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Non-Astronauts’ Voyage Into Mars: Who’s On Board the Simulation?

Space travels are not new, but yearlong simulated adventures are. Four volunteers have embarked on a year’s journey to be locked in a 1,700-square-foot space that mimics living on Mars. A few weeks ago, the volunteers entered the simulation at NASA’s Johnson Space Center in Houston and waved goodbye to the outside world. Here’s what you need to know about their simulated journey.

What is the journey for?

NASA said the journey, Crew Health and Performance Exploration Analog (CHAPEA), is the first of three-year-long Mars simulations; the following missions are planned for 2025 and 2026. So what is the point of these missions? Let’s explain.

Courtesy: Pinterest

The journey aims to help scientists understand what it would be like for humans to live on Mars for long periods. Astronauts have never had the experience of staying on the planet for long due to its unlivable conditions.

The flight engineer

Ross Brockwell, a volunteer, is a structural engineer and public works administrator. His work focuses on infrastructure, building design, operations, and organizational leadership. Brockwell earned a Bachelor of Science in civil engineering from the Georgia Institute of Technology in Atlanta. 

Courtesy: NASA

Brockwell also has a Master of Science in Aeronautics from the California Institute of Technology in Pasadena. He holds professional certifications from the U.S. Green Building Council and the Institute for Sustainable Infrastructure and is a certified planning commissioner.

The science officer

Anca Selariu is a microbiologist in the U.S. Navy. Her experience spans viral vaccine discovery and manufacturing, prion transmission, gene therapy development, and infectious disease research project management. Like the other three, NASA selected her through the 2021 call for applicants.

Courtesy: NASA

Selariu earned a Bachelor of Science in Philology from the University of Transylvania, Romania, and a doctorate in interdisciplinary biomedical sciences from Rutgers University, New Jersey. She also completed a postdoctoral fellowship at the Prion Research Center, Colorado State University in Fort Collins.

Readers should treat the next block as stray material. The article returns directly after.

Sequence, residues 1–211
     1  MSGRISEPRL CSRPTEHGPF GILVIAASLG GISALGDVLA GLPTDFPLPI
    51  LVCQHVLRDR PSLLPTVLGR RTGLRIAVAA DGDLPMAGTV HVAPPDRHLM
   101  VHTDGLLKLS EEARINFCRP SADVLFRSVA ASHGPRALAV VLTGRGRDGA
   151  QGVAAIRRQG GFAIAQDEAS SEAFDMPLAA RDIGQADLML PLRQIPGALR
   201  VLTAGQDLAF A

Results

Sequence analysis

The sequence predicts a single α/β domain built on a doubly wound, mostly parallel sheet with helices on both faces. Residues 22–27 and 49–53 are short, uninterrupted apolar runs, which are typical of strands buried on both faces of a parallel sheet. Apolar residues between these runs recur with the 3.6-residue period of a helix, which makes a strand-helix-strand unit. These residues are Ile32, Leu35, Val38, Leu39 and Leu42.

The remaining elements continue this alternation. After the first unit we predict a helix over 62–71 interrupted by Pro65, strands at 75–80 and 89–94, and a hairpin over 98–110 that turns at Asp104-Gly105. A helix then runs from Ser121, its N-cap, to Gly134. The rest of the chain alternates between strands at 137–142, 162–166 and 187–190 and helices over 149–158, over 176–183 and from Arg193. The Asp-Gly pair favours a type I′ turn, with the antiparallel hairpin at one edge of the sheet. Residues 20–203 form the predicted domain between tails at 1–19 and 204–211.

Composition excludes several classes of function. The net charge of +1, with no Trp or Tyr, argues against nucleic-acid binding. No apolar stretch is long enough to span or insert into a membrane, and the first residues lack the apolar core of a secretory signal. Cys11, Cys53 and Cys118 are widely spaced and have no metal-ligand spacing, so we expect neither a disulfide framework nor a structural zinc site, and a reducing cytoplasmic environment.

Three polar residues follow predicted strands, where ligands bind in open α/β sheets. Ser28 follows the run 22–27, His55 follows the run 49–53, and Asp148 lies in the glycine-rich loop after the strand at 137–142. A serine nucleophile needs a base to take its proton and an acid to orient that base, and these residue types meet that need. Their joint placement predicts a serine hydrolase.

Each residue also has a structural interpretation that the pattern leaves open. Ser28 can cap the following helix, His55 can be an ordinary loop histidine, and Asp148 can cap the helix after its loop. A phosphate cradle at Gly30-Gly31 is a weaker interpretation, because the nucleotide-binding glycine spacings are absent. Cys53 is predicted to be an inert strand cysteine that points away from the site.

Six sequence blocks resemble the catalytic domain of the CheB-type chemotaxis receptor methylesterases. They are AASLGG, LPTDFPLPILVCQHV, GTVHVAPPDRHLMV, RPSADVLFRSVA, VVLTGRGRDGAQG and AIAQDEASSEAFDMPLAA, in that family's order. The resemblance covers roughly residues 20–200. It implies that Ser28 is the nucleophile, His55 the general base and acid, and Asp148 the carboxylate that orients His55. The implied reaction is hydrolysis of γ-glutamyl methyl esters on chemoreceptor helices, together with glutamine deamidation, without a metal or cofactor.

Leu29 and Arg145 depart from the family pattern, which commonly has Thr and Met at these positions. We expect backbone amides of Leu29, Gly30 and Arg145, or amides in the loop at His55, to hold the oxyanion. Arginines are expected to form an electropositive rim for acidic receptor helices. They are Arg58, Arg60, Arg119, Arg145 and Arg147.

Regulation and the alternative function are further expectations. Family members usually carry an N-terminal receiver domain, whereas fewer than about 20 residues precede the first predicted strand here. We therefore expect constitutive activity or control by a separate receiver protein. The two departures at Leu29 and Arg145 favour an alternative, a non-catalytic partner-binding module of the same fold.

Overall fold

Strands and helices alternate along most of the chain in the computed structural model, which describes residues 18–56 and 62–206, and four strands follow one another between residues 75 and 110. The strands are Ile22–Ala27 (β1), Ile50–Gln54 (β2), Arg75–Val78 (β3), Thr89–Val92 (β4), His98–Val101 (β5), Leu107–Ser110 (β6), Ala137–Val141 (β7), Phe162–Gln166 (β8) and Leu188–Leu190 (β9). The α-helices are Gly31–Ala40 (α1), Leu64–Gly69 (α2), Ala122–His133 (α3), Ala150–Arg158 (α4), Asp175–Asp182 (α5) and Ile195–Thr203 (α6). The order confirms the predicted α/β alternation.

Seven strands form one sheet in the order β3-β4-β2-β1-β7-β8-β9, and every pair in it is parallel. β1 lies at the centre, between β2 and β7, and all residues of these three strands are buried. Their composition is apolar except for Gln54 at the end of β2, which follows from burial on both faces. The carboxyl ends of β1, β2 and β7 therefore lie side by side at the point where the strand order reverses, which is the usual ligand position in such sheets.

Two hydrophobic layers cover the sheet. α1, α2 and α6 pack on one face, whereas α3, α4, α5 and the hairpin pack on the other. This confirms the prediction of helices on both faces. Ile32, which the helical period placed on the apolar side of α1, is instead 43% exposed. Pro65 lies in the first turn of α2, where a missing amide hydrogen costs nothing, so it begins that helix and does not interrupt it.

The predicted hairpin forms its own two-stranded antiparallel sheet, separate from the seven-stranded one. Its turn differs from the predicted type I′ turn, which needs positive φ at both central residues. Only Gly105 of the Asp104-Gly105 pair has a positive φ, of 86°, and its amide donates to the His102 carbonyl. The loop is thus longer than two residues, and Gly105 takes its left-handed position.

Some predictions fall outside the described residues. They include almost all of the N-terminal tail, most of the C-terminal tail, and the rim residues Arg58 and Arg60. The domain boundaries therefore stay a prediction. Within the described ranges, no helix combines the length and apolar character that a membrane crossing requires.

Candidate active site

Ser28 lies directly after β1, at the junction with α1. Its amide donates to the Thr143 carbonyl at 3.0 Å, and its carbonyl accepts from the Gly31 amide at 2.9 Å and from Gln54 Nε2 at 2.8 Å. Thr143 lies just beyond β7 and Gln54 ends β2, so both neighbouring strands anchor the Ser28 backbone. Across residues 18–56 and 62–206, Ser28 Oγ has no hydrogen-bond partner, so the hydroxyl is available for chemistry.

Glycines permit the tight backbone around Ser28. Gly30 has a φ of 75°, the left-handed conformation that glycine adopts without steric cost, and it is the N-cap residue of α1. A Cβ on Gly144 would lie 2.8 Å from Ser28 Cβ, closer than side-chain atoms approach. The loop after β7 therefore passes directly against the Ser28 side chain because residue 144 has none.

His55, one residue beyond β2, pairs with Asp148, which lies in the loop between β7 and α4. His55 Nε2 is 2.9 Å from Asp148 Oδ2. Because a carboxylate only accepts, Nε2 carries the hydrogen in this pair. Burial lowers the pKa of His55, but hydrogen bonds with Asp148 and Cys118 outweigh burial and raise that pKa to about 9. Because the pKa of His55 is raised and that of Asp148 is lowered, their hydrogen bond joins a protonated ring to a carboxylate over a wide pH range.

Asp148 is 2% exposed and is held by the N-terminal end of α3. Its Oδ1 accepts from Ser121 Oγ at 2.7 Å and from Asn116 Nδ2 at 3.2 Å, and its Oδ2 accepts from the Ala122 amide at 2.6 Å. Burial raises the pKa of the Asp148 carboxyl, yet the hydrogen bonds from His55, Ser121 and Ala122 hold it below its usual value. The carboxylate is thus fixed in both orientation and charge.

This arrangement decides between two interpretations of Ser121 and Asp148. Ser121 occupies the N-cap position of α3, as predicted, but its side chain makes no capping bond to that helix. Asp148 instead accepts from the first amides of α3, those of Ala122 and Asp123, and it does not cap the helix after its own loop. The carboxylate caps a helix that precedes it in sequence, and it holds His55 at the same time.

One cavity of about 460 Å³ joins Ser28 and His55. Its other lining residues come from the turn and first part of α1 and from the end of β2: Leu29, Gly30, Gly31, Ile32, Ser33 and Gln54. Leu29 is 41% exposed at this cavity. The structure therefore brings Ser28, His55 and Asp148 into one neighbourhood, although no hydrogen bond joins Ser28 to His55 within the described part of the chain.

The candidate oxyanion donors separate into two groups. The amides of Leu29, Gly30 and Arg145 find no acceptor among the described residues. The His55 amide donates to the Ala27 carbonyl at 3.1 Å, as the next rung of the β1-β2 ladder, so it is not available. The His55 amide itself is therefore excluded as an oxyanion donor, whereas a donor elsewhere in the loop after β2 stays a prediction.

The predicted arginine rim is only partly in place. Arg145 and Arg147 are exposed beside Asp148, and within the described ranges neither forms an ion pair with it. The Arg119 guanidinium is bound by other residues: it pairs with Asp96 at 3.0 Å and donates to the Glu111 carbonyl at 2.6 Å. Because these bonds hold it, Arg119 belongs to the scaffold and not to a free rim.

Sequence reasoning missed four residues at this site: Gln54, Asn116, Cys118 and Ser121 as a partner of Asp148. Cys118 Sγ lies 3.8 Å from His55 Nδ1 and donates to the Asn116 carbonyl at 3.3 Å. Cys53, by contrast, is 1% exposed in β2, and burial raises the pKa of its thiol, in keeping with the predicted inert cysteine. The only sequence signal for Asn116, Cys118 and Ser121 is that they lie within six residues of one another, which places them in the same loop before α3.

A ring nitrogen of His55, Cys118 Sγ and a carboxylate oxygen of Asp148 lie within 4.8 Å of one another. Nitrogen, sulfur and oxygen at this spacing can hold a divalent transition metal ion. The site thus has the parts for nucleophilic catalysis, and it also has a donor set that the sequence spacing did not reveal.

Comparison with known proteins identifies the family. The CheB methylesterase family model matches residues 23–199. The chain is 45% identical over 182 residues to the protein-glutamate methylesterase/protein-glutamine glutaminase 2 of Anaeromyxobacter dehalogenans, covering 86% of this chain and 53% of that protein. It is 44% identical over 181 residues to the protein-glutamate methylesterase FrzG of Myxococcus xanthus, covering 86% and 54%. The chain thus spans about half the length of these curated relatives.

The medical officer

From Springfield, Illinois, Nathan Jones is a board-certified emergency medicine physician specializing in prehospital and austere medicine. He works as an emergency medicine physician, emergency medical director, and tactical medical physician at Springfield Memorial Hospital. He’s also an associate professor at Illinois.

Courtesy: NASA

He earned a Bachelor of Science in molecular and cellular biology from the University of Illinois at Urbana-Champaign and a Medical Doctorate from Southern Illinois University School of Medicine. He completed a residency in emergency medicine at the University of Illinois College of Medicine at Peoria.

The mission commander

Kelly Haston is a registered member of the Mohawk Nation of the Six Nations of the Grand River in Canada. She is a research scientist with experience building models of human disease. She has led many innovative stem cell-based projects.

Courtesy: NASA

Haston earned a Bachelor of Arts in integrative biology and a Master of Arts in endocrinology from the University of California, Berkeley. She also got a doctorate in biomedical sciences from the University of California, San Francisco (UCSF) and Stanford University in Palo Alto, California.

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